Microsoft Research is unveiling technology that turns any surface into a touch screen at a user interface symposium this week in Santa Barbara, Calif.
Dubbed OmniTouch, it is a wearable system that allows multitouch input on "arbitrary, everyday surfaces," according to a description on a Microsoft Research Web page.
"We wanted to capitalize on the tremendous surface area the real world provides," said Hrvoje Benko of the Natural Interaction Research group at Microsoft.
The technology combines a laser-based pico projector and depth-sensing camera, the latter not unlike Microsoft's Kinect camera for the Xbox 360. But it is modified to work at short range.
The camera is a prototype provided by PrimeSense. When the camera and projector are calibrated to each other, the user can don the system and begin using it, Microsoft said.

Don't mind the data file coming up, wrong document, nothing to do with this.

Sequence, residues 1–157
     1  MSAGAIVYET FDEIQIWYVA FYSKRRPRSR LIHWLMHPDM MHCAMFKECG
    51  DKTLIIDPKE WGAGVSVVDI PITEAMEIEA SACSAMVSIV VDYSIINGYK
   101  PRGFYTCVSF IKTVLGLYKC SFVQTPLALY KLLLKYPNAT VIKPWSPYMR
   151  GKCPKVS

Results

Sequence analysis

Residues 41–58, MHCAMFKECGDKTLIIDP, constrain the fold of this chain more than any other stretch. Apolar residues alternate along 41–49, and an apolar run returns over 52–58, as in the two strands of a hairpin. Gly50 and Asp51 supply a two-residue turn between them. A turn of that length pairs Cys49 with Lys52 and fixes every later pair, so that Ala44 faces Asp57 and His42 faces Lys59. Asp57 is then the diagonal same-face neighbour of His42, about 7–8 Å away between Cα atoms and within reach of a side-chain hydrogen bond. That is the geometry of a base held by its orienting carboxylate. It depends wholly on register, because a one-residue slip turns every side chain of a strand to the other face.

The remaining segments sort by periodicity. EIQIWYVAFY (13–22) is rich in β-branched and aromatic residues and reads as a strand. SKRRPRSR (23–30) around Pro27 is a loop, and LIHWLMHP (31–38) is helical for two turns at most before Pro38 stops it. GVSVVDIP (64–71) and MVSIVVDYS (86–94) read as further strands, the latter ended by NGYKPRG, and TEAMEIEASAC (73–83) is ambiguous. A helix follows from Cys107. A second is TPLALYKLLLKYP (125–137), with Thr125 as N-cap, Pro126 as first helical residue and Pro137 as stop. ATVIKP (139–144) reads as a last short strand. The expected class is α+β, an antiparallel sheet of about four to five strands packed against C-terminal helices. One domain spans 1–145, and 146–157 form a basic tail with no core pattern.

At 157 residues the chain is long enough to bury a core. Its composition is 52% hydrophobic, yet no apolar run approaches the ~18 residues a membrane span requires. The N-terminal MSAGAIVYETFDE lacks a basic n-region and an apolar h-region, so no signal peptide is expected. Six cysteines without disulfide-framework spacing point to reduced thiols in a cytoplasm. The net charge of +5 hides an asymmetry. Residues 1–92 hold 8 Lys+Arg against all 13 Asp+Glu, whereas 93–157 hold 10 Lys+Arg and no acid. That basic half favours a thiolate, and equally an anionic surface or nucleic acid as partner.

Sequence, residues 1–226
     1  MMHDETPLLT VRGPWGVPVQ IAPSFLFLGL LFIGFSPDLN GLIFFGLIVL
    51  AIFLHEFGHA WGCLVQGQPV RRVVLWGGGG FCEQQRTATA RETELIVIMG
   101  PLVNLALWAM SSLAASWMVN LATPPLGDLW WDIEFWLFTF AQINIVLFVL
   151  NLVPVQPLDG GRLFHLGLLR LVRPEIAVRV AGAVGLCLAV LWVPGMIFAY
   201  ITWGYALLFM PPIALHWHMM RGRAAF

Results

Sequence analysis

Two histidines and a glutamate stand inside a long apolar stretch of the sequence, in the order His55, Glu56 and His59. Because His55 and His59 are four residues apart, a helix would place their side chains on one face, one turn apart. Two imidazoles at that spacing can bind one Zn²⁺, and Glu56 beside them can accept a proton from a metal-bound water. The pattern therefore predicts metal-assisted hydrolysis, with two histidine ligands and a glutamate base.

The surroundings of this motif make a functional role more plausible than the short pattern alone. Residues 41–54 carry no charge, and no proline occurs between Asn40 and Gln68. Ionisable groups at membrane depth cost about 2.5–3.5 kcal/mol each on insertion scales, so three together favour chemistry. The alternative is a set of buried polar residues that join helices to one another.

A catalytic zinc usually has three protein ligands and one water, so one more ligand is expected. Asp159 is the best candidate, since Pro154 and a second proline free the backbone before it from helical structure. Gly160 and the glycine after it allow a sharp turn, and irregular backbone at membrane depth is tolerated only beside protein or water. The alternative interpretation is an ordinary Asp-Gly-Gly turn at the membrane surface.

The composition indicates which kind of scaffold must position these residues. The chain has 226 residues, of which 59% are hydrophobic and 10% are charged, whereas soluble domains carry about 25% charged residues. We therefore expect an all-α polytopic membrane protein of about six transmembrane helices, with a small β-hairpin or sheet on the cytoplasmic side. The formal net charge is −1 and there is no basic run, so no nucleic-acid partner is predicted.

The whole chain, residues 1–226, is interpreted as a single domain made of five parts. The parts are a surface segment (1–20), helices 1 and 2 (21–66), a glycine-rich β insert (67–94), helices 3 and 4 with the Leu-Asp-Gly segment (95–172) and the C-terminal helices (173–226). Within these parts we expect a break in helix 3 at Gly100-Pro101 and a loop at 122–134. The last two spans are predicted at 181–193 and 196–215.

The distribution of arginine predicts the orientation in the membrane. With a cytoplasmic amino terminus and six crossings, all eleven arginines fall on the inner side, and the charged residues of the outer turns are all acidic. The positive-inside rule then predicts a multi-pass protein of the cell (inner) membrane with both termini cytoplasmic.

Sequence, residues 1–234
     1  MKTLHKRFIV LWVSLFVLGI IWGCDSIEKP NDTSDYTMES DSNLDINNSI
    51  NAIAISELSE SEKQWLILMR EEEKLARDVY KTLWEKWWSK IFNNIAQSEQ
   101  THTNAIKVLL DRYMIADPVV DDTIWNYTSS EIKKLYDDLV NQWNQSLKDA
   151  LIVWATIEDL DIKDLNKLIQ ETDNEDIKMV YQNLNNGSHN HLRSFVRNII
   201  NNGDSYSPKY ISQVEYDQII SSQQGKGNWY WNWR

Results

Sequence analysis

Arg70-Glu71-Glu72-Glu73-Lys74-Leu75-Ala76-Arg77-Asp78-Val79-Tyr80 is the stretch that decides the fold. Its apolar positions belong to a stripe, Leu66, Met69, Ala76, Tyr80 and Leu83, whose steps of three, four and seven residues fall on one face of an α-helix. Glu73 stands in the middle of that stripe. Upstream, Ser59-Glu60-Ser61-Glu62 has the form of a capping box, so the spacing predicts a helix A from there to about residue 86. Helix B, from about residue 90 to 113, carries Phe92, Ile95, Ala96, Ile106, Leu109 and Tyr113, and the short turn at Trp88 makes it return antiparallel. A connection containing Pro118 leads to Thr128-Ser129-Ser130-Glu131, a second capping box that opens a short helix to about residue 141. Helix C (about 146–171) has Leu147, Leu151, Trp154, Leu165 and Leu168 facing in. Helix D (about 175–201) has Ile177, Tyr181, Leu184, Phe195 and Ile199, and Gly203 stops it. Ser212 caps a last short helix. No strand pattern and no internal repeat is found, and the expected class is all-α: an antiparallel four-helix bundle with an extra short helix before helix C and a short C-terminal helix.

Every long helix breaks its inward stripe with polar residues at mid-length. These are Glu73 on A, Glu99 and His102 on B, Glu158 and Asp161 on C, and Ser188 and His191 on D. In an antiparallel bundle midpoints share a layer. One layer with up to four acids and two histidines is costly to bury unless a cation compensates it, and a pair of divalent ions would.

Key research challenges included defining to the system what fingers look like; the notion that any surface is potentially a projected surface for touch interaction; and detecting touch when the surface being touched contains no sensors--according to Chris Harrison, a Ph.D. student at Carnegie Mellon University, who participated in the project and wrote about the research.
Presumably a consumer-friendly system wouldn't require the bulky apparatus that only a card-carrying propeller-head would be brazen enough to wear in public.
The project is being unveiled during UIST 2012, the Association for Computing Machinery's 24th Symposium on User Interface Software and Technology, being held October 16-19 in Santa Barbara, Calif.